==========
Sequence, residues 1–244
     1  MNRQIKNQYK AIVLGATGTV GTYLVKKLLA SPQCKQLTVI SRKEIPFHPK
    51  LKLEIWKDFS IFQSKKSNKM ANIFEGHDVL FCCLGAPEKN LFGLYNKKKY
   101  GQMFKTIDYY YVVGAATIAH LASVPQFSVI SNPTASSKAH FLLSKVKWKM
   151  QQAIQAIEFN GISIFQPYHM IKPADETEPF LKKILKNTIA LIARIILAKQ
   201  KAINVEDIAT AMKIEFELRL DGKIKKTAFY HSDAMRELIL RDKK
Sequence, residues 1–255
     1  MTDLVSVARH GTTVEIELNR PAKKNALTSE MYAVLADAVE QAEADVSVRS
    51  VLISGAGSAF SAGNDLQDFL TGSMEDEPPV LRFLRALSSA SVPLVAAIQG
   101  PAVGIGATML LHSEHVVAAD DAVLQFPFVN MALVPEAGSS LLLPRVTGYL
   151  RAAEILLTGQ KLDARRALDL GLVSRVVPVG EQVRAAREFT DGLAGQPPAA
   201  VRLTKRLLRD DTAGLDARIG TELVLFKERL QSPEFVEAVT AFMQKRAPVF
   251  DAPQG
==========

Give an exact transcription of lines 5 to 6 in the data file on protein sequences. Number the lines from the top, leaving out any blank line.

   151  QQAIQAIEFN GISIFQPYHM IKPADETEPF LKKILKNTIA LIARIILAKQ
   201  KAINVEDIAT AMKIEFELRL DGKIKKTAFY HSDAMRELIL RDKK